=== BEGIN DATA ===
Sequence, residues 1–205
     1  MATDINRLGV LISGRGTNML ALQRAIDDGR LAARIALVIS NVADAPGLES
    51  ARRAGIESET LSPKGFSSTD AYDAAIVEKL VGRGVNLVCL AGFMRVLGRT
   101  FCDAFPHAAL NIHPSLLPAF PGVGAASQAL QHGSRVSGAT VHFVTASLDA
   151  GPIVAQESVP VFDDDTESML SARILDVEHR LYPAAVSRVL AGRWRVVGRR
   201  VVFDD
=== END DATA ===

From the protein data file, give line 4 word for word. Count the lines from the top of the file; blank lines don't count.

   101  FCDAFPHAAL NIHPSLLPAF PGVGAASQAL QHGSRVSGAT VHFVTASLDA